Matt McMahon’s 2010 Top 5

Matt McMahon is a composer/pianist/improviser who has performed and recorded with many artists including The Phil Slater Quartet, Vince Jones, Greg Osby, Bobby Previte, Dale Barlow, Guy Strazz, Joe Tawadros, Steve Hunter, Dave Panichi, Katie Noonan and Jazzfolk. He was the winner of the National Jazz Award in 1999 and the Freedman Fellowship in 2005. He co-presents Blow with Dan Barnett—a radio program on Eastside Radio in Sydney featuring music and interviews with musicians. Matt is a good friend of extempore (his interview with Joe Zawinul appeared in Issue 3 of the journal) and was kind enough to share his top 5 musical experiences of 2010 with us!

1.Wayne Shorter Quartet. March 2010, Sydney Opera House

Wayne is one of my all-time heroes so I was pretty excited when I found his quartet was coming- even more excited for my trio to be asked to do a short set before his group! I really enjoyed playing my pieces with my friends Jono Brown and Simon Barker then got a chance to hear Wayne’s band from backstage – first on the piano side, then over near Brian Blade. Interesting to get a chance to hear them from this perspective and be up up close to all the interaction although there were times I would have like to be out front to hear the saxophone a little clearer. Amazing mysterious music that unfolded with high drama – many allusions to Wayne’s compositions that vanished just as they became recognisable.

2. Daorum – August 2010, Seoul.

Simon Barker has been investigating Korean music for many years now and the formation of the group Daorum – a collaboration between Korean (Bae Il Dong, Kim Dong Won) and Australian (Simon, Phil Slater, Carl Dewhurst, and myself) musicians – saw us travel to Korea in August. We were there for the Korean launch of Emma Franz’s film about Simon’s musical journey in Korea Intangible Asset no. 82. We had some great times playing and hanging (eating) the whole time we were there. It was great playing together – different every time. I really enjoyed some solo drum pieces from Simon at various points throughout the tour – seeing his diverse musical interests lead him into some powerful new territory.

3. There were some great visitors to Sydney from overseas this year

…and I enjoyed seeing Oliver Lake, George Garzone with Mike Nock, Kurt Elling, etc. I loved seeing Ahmad Jamal again and I was particularly knocked out by the support group The Driphards – Cameron Undy, Carl Dewhurst, Evan Mannel. Seeing Cameron and Carl (along with Adam Ponting and Andrew Dickeson) improvising as The Ghosts of Saturn back in 1990 was a formative experience for me and I’ve loved hearing them (and playing with them) many times ever since. These guys in this group with Evan have been developing a great sound together. I love hearing music that contains love for many kinds of sounds – all filtered through a unique aural lens which could only be made by these guys. In this gig I could hear love for Funk, Blues, Jazz, Ornette, The Shaggs, rock – (whatever all those these words mean…)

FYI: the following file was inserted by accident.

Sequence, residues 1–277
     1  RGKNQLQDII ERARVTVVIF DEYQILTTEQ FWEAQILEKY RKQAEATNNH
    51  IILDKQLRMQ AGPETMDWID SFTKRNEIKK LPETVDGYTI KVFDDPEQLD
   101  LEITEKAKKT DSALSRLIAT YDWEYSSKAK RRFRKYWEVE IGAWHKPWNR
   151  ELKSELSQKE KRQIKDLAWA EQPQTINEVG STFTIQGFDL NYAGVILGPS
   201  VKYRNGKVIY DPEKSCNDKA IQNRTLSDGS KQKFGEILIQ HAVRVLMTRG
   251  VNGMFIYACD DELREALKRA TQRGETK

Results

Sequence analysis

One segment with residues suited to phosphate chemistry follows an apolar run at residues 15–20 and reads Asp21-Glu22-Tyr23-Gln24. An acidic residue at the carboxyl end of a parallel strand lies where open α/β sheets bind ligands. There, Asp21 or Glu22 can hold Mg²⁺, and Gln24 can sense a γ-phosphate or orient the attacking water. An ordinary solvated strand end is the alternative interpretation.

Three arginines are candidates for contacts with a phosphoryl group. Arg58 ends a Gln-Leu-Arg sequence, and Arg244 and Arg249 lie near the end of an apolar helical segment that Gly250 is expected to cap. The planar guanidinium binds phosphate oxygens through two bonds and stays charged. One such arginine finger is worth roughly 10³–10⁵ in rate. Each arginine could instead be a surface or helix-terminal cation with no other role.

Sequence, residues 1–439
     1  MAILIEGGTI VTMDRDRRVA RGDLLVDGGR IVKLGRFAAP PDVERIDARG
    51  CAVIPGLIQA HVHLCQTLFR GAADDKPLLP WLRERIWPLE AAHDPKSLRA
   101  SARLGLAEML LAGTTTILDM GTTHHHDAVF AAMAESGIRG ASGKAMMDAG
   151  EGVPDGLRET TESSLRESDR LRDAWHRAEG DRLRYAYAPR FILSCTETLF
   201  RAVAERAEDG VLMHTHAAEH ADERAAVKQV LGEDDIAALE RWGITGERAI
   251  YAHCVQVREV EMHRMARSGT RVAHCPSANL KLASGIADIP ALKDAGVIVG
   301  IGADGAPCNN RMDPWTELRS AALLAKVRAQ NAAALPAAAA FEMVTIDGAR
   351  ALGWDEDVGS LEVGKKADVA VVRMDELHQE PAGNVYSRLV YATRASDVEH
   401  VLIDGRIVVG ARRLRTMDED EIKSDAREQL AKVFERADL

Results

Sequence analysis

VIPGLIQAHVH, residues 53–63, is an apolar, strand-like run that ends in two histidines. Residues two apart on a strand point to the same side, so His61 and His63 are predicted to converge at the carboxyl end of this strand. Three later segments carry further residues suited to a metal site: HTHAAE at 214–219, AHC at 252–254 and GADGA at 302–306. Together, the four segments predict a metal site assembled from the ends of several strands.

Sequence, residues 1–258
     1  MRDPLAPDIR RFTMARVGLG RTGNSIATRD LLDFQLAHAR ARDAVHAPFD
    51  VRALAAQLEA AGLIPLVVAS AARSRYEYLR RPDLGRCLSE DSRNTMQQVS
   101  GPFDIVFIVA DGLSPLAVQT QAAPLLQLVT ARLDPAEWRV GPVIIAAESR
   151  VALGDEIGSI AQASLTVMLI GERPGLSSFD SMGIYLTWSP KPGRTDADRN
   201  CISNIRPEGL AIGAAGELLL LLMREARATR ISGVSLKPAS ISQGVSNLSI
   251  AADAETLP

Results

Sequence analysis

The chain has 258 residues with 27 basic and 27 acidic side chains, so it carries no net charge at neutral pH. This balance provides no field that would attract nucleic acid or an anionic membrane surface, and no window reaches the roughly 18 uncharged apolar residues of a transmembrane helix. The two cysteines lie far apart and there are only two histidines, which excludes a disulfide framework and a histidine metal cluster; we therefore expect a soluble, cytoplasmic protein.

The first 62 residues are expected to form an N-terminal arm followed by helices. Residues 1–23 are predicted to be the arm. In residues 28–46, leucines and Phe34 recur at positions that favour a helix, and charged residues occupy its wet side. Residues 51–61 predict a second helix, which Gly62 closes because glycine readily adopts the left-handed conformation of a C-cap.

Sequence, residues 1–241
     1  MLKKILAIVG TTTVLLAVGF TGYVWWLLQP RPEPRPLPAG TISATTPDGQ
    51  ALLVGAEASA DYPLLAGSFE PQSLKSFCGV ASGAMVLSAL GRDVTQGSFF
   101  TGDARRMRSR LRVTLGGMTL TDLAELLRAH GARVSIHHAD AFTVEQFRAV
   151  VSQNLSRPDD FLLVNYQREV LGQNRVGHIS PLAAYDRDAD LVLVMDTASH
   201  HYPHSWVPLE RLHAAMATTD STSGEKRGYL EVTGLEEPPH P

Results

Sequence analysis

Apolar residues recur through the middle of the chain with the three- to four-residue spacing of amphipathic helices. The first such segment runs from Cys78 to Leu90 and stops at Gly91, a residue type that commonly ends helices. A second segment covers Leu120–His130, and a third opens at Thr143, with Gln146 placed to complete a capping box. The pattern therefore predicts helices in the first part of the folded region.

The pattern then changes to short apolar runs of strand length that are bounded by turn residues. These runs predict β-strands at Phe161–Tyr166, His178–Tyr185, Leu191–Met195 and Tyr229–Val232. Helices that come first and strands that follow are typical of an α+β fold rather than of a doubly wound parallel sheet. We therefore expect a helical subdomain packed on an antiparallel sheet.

4. This isn’t really jazz related but it kind of is

I’ve really been enjoying reading Schoenberg’s Theory of harmony. I love his juggling of the desire to say something can or can’t be done with harmony with his sense that many things not yet done can be done and that an artist creates what must be done – doesn’t follow rules – rules help explain what the masters have done. On the other hand he’s really comprehensive with his exercises. It is interesting that he talks about a musical society refusing to play one of his works (String Sextet) which contained an A flat major 9th chord in 4th inversion because such a chord didn’t exist – therefore no performance could exist… If only he’d lived to hear all the jazz and pop people use it everywhere – Coltrane, Herbie, Stevie Wonder, Steely Dan, Doobie Brothers etc. Of course his own music eventually took a few more liberties than the odd passing sus chord…

5. Richard Bona – Basement, November 2010

Richard BonaRichard Bona’s gig was feel-good in all senses. From humour, to sing-a-longs, extreme virtuosity, tribute to Jaco (great version of Liberty City). But for me his powerful singing and deep groove were profound. His band played with amazing dynamics and the bass playing felt so good all night. I had a chance to interview him for my radio show and i asked him if it was a challenge juggling his many roles and instruments – guitarist for Harry Belafonte; percussion/gtr/singer for Pat Metheny; virtuoso bassist for Joe Zawinul and Mike Stern; Cameroonian Pop/fusion star-with-bits-of-Cuba-Funk-etc. in his own band ). He said he never wants to think of music as a challenge. It didn’t sound like that either – everything he played or sang seemed to pour out of him with ease…